The press beats up on hedge funds for underperforming the S&P 500 in bull markets and for their crappy performance in bear markets, but if you invest in an absolute-return vehicle, it’s unlikely that you’re going to have a 60% drawdown (as the stock market did in 2008–2009). Rich people tend to be a little pickier about losing money—they want to hang on to what they have.
I don’t know many rich people who are heavily invested in index funds. I don’t think I know any who are Vanguard customers.
Look at the Forbes list of billionaires. I’d bet the left arm of my firstborn son that not one of them made a billion investing in index funds.
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But why would you want to invest in the bad ones?
Hedge fund manager Stanley Druckenmiller had a private speaking gig in South Florida, the contents of which were leaked to the press. Druckenmiller made some not-so-nice comments about the Fed, which is what the stupid reporters picked up on, but he also talked about his investment philosophy, which was far more interesting.
If the best investor in the world tells you what his investment philosophy is, you should pay attention.
So Druckenmiller said he doesn’t believe in diversification. In fact, he tries to achieve the opposite of diversification—placing all his eggs in one basket. This he did with the pound sterling years ago, to great effect.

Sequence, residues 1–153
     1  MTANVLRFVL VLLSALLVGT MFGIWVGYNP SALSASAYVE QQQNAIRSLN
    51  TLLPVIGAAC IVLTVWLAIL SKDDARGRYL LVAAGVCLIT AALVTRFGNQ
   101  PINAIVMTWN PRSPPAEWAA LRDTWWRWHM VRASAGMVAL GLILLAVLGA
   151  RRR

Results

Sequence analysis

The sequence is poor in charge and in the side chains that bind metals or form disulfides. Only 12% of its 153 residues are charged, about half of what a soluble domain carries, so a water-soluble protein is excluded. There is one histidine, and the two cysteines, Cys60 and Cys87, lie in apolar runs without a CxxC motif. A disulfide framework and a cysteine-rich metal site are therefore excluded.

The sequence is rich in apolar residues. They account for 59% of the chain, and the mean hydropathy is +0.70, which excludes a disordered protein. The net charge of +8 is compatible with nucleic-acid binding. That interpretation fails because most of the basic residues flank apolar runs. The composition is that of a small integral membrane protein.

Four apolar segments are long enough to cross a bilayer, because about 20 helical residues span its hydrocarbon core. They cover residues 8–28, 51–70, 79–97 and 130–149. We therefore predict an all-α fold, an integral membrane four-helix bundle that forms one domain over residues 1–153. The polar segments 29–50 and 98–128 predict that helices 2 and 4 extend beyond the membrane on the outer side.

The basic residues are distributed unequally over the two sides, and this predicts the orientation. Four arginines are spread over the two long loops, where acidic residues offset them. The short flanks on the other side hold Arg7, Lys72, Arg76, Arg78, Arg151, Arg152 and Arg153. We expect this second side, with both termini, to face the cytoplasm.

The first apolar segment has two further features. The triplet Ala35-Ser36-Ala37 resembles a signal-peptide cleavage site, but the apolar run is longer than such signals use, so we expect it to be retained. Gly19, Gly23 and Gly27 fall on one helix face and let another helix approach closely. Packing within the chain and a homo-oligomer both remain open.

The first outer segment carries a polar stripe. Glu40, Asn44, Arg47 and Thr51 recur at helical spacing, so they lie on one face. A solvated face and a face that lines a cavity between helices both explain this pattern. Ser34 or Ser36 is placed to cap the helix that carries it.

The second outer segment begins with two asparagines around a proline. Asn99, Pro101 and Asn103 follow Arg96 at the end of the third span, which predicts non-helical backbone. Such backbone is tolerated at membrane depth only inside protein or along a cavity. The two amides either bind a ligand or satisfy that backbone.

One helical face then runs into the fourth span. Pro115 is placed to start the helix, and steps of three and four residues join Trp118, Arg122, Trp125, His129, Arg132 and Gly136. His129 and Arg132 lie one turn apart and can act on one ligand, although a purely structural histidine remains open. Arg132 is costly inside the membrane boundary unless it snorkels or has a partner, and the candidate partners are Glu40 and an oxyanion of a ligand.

If you’re really convinced of something, why make it just 5, 10, or 20% of your portfolio? Go big. Make it 100% of your portfolio.
Of course, this sounds very scary to the index fund investor because he doesn’t know what to go big on.
So, as a rule of thumb: if you don’t know anything about investing, you invest in index funds, and you make the market return, which has been 6–8% historically. That’s the tax you pay for being a dumbass.
If you know what you’re doing1, you should have a very concentrated portfolio. You should try to make infinity.
For what it’s worth, I have about 20 securities in my portfolio, but most of it is taken up by three or four positions. It’s very concentrated.
Many people think trading is all about buying the lows and selling the highs. That’s the hallmark of a true piker. The entry and exit points are unimportant—it’s the size of the position that counts.
Last week I talked about my China trade. It’s a great trade, but guess what—I’m too small! Position sizing can take a lifetime to learn.
So index funds have their place, I suppose, but if this newsletter landed in your inbox, you probably have some interest in the markets above and beyond just passively writing checks to an index fund (and you might also be interested in Bull’s Eye Investor).
I think some people have this idea that if they invest in index funds, they have somehow absolved themselves of responsibility—that they will get their 6–8%.
They might not. That was a painful lesson for people to learn in 2008.
Bear markets have a way of sorting things out. Next time we have one, watch Vanguard’s assets. Stocks may be for the long run, but when the going gets tough, the tough send in redemption orders.
1 Very few people know what they are doing.